Facts Versus Truth

July 26, 2010

I seldom read fiction, but when I do, I always learn something. Sometimes what I learn isn’t very profound. At least I usually increase my vocabulary by a word or two. But in a historical fiction novel I read recently, I discovered a lesson I will never forget. So I thought I’d share it with you.

In a dream, an Old Testament character was telling the main character about the difference between facts and truth. He explained that it depends on whether you choose to believe the facts, or seek the truth. I don’t remember the exact lessons he used and since it was a borrowed book and I don’t have it before me, I’ll improvise.

For example, follow the Israelites out of Egypt. Running scared with Pharaoh’s army hot on their trail, they round the bend and come to a screeching halt at the shore of the Red Sea. Oops… now what?! The facts were looking pretty grim. Fact: We’re trapped! Fact: We’re defenseless! Fact: There is no way out of this, and we haven’t had many swimming lessons!

But the truth was that God had a plan. He had it all along, and He wasn’t the least bit worried, frustrated or surprised by the rapidly approaching Egyptian horde. The truth was something the Israelites couldn’t see yet.

Here’s another example. What if you’d been Sarah, childless since you married as a teenager. Now you’re way past menopause age, and some stranger promises you’re going to have a baby? No wonder she laughed! The facts didn’t add up. But the truth was part of a promise, and the One who’d made it was as good as His Word. When she was 90, Sarah had that promised boy, and maybe as a celebration of God’s sense of humor, they named him “Laughter.”

Some of my favorite books in the Bible are 1 and 2 Kings. I love standing with Elijah and watching God defeat the prophets of Baal on Mt. Carmel. Talk about facts flying in the face of truth! There had been a drought for years, and King Ahab blamed Elijah for it (read 1 Kings 17-18). God was punishing Israel for their idolatry under the leadership of wicked King Ahab. But Elijah sent Ahab a message and challenged the prophets of Baal to a contest. Get these odds: 450 to 1. Elijah was God’s only representative.

What would you have thought if you’d been in the crowd? Here are the facts. Baal’s group far outnumbered God’s faithful. Even the king was on Baal’s side. Baal’s priests got to go first. They were loud and persistent.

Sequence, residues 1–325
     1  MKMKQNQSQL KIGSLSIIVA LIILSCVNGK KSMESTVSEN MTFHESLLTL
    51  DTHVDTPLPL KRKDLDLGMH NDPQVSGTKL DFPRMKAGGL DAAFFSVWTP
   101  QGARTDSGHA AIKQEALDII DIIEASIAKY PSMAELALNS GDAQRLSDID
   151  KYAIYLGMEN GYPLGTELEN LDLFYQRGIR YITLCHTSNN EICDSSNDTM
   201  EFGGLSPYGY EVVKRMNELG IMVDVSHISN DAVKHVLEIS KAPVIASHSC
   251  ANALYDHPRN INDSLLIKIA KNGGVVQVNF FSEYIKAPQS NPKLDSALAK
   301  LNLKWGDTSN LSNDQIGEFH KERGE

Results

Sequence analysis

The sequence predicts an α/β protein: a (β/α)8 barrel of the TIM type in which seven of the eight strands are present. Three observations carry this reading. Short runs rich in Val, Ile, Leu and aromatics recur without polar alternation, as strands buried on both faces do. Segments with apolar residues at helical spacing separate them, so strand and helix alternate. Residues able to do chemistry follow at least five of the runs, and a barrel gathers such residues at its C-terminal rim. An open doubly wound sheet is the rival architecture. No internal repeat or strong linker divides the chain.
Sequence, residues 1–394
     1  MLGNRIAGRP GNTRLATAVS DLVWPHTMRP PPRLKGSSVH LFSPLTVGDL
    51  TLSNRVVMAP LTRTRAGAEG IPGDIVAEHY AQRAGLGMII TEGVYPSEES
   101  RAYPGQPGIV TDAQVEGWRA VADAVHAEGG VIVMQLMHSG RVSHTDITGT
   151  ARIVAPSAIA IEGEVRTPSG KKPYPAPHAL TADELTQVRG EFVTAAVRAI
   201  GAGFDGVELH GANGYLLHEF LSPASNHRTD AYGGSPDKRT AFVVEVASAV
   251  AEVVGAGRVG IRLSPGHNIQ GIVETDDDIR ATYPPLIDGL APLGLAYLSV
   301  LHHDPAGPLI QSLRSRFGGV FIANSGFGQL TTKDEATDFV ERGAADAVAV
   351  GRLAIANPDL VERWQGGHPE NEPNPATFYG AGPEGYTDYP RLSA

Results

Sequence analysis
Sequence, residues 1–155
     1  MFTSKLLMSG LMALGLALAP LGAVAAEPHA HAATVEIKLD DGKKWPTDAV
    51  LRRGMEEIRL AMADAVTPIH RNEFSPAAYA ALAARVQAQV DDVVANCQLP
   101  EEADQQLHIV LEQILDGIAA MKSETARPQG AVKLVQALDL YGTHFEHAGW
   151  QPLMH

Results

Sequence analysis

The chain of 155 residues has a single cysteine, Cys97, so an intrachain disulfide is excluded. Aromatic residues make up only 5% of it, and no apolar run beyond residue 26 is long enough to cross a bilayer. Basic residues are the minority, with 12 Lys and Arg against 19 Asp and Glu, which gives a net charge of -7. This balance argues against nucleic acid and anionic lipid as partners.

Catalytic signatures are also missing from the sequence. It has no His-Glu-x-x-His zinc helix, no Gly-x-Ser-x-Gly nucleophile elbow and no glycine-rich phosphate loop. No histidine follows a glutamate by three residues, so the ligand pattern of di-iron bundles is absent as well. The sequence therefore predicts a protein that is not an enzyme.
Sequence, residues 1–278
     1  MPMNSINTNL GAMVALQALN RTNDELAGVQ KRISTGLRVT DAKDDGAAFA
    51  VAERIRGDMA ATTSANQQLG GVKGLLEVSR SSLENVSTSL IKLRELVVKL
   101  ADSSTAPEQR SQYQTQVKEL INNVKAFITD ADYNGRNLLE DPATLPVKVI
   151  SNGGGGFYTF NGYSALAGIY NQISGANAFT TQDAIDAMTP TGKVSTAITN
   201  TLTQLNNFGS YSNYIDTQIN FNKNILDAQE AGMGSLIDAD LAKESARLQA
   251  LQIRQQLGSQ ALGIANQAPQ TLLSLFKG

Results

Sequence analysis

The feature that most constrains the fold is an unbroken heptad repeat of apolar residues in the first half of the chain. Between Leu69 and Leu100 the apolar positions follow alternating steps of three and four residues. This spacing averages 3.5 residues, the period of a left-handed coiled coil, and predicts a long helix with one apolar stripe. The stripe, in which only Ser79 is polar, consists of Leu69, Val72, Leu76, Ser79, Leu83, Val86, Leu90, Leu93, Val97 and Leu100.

But Elijah wasn’t worried. After hours of their desperate dancing and frantic begging, they finally exhausted themselves. The prophet patiently rebuilt the altar his adversaries had desecrated. Then he even poured water all over the sacrifice and the altar, soaking the thing three times! As if the odds weren’t stacked against him already…

Elijah didn’t worry about the facts. He had somebody far more powerful than the king on his side. He had truth. Actually, he had the Author of Truth. Baal’s crowd had no clue what they were up against. When God got done, His fire had licked up the bull, the wood, the stone altar and even the dust around it.

Truth always wins out over facts. But sometimes it takes a while for us to see it. That’s what I’m learning. In situations when I have the opportunity to worry, become anxious, get angry or frustrated or get my feelings hurt, I am trying to stop and consider. What are the facts in this situation? But what is the truth? Will I stop to ask the Author of Truth to show me what that is? Will I choose to believe Him when He does?

Don’t settle for the facts. Go for the Truth.

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10 Responses to “Facts Versus Truth”

  1. Elda Says:

    This is so good, Jenny. It seems the battle
    gets more sophisticated daily. Meanwhile our
    weaponry is reduced to simple ‘truth.’
    Keep reminding us that God will fight our battles
    for us.


    • You’re so right, Elda. Our battle is the same in every generation. The enemy changes his uniform, but not his tactics. And our Captain is the same yesterday, today and forever: faithful, powerful, victorious!

  2. Phyllis Kelley Says:

    Good morning,

    I choose truth!!

    Your comment about the “opportunity to worry, become anxious…” reminded me of a quote by Beth Moore. Beth said in one of her studies that we were not saved from our sins to live the rest of our lives in defeat!

    I love reading your blogs. Keep them coming!

    Love, Phyllis


    • I once heard a good definition of worry: “negative meditation.” We have choices about where to focus. Sometimes I just put my will in neutral and coast right into worry, fretting, worrying… Jesus said, “LET not your heart be troubled…” That “let” is imperative; it’s a command. It takes an act of the will not to worry! I’m still in process on that one.

  3. Peg Stegall Says:

    My search for truth vs facts… Is this country doomed by its poor choices, or is there a plan in the works leading to a greater purpose? I believe the “truth” is in the plan.


  4. Faith is seeing the facts and realizing God’s truth. It reminds me of the man who cried, “Lord, I believe. Help my unbelief!” I have to say that often too.


    • I’m trying to remember to stop and check the truth when I tend to react emotionally first. It’s a hard habit to break, but God isn’t finished with me yet…!

  5. paulmerrill Says:

    Good reminder for my morning!


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